When did I see you hungry?

| December 3, 2015 | 0 Comments

Armed with a gift for feeding others, Burnsville Catholic leads weekly dinner for people in need

Pat Haas takes time out from serving the meal and supervising volunteers to greet guests at the weekly Thursday night dinner Nov. 19 at Mary, Mother of the Church in Burnsville. Dave Hrbacek/The Catholic Spirit

Pat Haas takes time out from serving the meal and supervising volunteers to greet guests at the weekly Thursday night dinner Nov. 19 at Mary, Mother of the Church in Burnsville. Dave Hrbacek/The Catholic Spirit

First in a 14-part series highlighting local Catholics who live out the corporal and spiritual works of mercy

She was an older woman who walked with a cane.

At the end of the serving line she took the plate of chili-mac, green beans and cornbread, but before she could take a step, Pat Haas was there.

Asking if she could help, Haas held the plate for the woman and followed her to a table where she could join others in having her Thursday night supper.

Volunteers who help with the weekly community dinner at Mary, Mother of the Church in Burnsville weren’t surprised at Haas’ small act of hospitality. They see it every Thursday.

“We’re feeding souls, not just bodies,” said one of those volunteers, Jeri Bartek, as she welcomed guests arriving for the weekly community supper at the big suburban parish on Cliff Road.

“They’re hungry, not just for food,” Bartek added. “It’s the warmth. It’s the hospitality. It’s the friendship.”

This month, the Meals @ Mary Mother program expects to serve its 10,000th meal, and Bartek points to Haas as the reason.

“We couldn’t have done it without Pat’s vision, without her drive,” Bartek said.

Basic needs

“I’ve always loved to volunteer,” said Haas, 66. She was a good Latin student in her Catholic school, and in the fifth grade she would spend part of her Saturdays helping teach Latin to the public school students at Confraternity of Christian Doctrine (CCD) classes.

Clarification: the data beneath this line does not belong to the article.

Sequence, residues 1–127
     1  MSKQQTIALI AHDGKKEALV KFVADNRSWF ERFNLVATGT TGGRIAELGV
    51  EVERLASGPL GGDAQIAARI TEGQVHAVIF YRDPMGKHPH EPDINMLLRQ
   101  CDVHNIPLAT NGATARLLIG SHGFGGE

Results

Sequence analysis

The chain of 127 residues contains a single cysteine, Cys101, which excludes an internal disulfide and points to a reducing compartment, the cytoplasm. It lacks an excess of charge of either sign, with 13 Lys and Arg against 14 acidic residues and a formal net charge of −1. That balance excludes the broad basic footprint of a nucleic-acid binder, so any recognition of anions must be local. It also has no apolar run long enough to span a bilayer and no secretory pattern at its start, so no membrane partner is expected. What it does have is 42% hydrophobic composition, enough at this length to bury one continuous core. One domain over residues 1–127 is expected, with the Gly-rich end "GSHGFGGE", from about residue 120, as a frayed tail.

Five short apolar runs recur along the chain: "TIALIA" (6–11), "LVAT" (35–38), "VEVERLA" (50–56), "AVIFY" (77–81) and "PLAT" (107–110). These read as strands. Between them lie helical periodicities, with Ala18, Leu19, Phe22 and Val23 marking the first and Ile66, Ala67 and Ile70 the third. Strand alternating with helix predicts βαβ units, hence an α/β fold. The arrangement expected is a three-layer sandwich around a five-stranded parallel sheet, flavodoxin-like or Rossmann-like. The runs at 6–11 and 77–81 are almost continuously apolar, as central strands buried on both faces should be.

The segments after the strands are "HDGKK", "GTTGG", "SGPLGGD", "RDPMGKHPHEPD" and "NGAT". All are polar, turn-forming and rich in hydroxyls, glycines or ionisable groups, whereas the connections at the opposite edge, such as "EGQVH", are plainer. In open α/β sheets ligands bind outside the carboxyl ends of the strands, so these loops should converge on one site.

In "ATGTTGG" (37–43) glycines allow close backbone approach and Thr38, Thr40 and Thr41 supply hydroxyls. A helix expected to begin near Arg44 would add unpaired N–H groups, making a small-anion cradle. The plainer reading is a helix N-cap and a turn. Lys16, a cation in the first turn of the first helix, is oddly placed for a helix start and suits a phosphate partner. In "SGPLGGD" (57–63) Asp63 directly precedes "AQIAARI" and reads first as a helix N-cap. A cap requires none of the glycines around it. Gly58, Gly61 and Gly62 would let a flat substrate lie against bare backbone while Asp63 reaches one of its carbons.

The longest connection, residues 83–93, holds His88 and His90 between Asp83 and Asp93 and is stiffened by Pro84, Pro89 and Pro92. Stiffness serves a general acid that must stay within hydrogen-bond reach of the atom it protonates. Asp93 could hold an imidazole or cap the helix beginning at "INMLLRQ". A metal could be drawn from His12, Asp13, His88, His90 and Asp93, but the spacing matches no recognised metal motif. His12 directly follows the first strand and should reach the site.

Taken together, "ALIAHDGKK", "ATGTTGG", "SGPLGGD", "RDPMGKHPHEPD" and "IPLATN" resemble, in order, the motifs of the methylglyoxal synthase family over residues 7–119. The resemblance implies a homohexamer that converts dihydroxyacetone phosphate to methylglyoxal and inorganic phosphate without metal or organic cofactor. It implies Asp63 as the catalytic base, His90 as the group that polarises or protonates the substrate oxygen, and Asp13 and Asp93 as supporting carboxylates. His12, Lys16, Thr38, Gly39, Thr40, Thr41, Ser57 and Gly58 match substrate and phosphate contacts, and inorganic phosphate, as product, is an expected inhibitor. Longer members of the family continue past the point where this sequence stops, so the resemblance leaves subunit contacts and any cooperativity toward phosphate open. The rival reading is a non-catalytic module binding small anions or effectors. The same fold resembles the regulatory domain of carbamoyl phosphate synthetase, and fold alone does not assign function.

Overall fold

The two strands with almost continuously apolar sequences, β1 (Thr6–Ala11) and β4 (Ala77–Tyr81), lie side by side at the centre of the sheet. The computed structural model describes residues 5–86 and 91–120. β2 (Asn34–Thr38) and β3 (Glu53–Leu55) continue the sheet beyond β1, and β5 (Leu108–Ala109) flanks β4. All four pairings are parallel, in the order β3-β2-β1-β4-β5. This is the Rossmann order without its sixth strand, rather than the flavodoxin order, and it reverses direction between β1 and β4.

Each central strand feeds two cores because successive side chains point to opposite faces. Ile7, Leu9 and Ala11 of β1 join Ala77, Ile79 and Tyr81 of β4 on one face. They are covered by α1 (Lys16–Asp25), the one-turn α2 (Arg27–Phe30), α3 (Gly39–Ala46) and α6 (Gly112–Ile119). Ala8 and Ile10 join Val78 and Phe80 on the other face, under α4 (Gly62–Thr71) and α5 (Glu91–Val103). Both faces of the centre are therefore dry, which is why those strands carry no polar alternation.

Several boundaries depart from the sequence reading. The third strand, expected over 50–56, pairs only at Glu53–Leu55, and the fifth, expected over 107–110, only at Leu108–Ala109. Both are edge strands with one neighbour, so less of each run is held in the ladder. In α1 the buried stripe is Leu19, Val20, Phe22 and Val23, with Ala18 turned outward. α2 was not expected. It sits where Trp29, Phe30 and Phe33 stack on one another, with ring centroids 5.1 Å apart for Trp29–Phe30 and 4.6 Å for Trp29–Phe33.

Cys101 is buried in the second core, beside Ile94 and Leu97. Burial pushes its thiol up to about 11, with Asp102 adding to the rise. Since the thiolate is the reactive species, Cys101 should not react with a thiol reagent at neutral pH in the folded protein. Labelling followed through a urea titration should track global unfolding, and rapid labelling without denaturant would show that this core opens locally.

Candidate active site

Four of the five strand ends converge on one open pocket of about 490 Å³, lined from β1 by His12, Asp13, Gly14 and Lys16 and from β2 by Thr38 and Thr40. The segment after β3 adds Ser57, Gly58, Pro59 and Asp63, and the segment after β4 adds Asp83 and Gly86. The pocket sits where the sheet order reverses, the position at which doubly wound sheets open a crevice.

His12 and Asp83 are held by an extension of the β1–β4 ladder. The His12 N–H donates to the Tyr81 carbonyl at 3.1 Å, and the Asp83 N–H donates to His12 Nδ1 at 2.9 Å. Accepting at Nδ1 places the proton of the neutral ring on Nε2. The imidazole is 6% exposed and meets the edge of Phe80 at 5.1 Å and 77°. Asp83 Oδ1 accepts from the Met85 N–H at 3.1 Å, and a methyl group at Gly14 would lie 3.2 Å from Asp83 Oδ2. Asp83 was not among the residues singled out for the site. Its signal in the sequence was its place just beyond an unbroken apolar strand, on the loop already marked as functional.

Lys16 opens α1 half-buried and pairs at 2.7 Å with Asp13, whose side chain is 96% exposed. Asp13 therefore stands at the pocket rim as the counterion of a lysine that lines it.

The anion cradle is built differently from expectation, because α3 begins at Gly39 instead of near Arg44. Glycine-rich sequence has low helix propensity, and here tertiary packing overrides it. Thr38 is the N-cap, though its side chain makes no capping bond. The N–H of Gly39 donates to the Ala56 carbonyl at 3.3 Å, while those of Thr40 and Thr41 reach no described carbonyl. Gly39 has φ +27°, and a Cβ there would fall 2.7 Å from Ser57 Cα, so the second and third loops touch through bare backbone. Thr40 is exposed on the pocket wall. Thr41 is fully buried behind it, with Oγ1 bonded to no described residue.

Later she was a Spanish teacher, then a school counselor in public schools in La Crosse, Wisconsin. What Haas saw in that latter role touched her. “I came to grasp what it was like not to have your basic needs met,” she recalled, “and how that enveloped your whole life.

“Many students didn’t know where they were going to be that night, if they were going to have anything to eat.”

Meeting parents and learning their struggles, she said, “gave me even more reason to help.” “People didn’t know how they were going to provide supper for their kids,” she said. “It gave me a better understanding of the gifts from God and how fortunate I was.”

That new understanding led her to Place of Grace, a Catholic Worker House run by the Diocese of La Crosse. She served by cooking and learned a lesson she tries to share with everyone who volunteers at Meals @ Mary Mother: As people of faith, we are to treat everyone who walks in the door like Jesus.

“I think it’s a privilege to help other people,” Haas said. “If Jesus were to knock on my door, I’d want to give him my best, and that’s what I want to do for others: Give them my best.”

Haas pours gravy as part of meal for a guest. Dave Hrbacek/The Catholic Spirit

Haas pours gravy as part of meal for a guest. Dave Hrbacek/The Catholic Spirit

Feeding others a strength

Fast-forward to Minnesota.

Parishioners at Mary, Mother of the Church had thought about feeding the hungry as a parish effort in the past, then early in 2013 did some research in the community to confirm the need.

Kathy Lowry recalled that the parish Christian Caring and Justice Commission had discussed the possibility of a hunger initiative. Low-income housing had been built right across Cliff Road.

About that time, pastoral associate Julia Taube was teaching a “StrengthsFinders” class at the parish. Haas had moved to the Twin Cities to be near her sons and their growing families. A new parishioner, she was taking the class.

The way Haas remembers it, she learned via StrengthsFinders that feeding people was one of her gifts. “I didn’t know where I was going to use that gift, other than somewhere in the metro area,” she said.

Haas recalled Taube asking her “Why don’t we do that right here?”

“That’s when the wheels started spinning,” Haas said. Taube went back to the Christian Caring and Justice Commission saying, “ ‘Oh, I found someone,’ ” Lowry said.

“It was like the Holy Spirit sent Pat to Julia,” said Lowry, a member of the commission who now is part of the core team of volunteers for Meals @ Mary Mother.